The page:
In the interlude, the paper ran its offices out of 34/36 North High Street. The paper's editorial staff traditionally has had a conservative slant; until it endorsed Hillary Clinton over Donald Trump, the paper's last endorsement of a Democrat as a Presidential candidate had been for the re-election of Woodrow Wilson in 1916. The Dispatch endorsed Democratic gubernatorial candidate Ted Strickland in the 2006 Ohio elections, but endorsed John Kasich, the Republican candidate running against his reelection, in 2010A competing paper, The Columbus Citizen-Journal was beholden to the Columbus Dispatch for its printing facilities, controversy surrounded the C-J's demise in 1985. On June 16, 2015, the Dispatch was purchased by the New Media Investment Group; the sections of the Dispatch include the Front Section, Nation & World, Metro & State, Business and Life & Arts. The Food section is included in the Wednesday paper; the Weekender section is included in the Thursday paper. A Faith & Values section is included in the Friday paper.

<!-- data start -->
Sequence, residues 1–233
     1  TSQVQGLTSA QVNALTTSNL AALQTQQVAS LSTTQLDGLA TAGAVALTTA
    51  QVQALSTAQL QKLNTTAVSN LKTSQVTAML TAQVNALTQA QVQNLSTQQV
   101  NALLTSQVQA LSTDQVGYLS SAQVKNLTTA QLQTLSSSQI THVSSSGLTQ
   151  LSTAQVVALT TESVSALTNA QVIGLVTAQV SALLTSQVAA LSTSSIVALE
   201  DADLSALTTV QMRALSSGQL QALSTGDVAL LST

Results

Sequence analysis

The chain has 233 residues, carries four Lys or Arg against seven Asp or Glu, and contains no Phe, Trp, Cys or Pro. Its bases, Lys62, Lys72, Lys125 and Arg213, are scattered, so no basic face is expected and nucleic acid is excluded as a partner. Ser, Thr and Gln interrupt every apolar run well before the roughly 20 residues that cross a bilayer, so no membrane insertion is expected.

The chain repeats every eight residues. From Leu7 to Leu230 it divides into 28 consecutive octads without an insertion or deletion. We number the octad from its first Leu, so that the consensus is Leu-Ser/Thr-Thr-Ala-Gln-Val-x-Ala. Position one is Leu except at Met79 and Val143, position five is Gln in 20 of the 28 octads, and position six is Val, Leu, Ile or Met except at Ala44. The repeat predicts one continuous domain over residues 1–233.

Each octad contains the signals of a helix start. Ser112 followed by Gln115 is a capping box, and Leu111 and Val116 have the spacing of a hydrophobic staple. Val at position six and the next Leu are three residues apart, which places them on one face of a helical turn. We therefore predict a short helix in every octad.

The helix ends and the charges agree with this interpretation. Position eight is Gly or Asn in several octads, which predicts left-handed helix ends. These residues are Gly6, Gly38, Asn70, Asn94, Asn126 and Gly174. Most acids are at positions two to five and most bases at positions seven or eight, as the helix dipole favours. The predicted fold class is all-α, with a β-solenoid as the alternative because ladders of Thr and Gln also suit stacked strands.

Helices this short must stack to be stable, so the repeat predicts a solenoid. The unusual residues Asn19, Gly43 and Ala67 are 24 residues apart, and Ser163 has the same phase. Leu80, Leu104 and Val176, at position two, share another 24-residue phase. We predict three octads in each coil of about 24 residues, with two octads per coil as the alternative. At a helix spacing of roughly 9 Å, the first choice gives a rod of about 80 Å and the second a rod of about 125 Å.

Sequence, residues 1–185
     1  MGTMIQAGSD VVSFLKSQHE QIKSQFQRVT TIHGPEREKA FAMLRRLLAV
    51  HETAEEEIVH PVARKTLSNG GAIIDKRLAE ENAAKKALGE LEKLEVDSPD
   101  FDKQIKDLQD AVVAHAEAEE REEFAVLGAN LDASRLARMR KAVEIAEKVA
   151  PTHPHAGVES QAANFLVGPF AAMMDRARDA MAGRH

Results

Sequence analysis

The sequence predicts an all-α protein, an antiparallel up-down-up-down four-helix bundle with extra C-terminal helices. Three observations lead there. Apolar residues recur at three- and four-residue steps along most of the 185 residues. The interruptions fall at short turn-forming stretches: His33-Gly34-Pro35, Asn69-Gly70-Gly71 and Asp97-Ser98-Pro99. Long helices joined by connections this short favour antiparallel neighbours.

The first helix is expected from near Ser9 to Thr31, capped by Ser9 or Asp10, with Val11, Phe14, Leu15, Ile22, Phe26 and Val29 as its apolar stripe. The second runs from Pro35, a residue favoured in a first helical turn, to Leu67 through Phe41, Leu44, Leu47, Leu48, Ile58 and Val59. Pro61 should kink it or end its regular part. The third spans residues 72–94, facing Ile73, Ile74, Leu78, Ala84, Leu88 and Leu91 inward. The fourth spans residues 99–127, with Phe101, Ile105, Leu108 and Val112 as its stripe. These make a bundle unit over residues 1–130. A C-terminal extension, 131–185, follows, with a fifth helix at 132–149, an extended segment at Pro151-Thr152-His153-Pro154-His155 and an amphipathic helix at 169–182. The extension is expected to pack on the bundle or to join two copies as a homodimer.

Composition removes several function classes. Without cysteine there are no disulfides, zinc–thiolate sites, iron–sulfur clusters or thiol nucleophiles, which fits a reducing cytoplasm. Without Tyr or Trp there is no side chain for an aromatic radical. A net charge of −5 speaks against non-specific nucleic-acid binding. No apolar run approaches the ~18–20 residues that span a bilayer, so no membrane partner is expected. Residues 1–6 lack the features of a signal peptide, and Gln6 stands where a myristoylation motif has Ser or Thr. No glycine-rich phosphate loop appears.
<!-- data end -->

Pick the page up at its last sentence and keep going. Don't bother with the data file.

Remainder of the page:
Sunday sections include Arts & Leisure, At Home and comics. The Columbus Dispatch owns the magazines Columbus Monthly, Columbus CEO, Columbus Weddings, Columbus Monthly Home & Garden, Columbus Alive, Columbus Parent. James Thurber Official website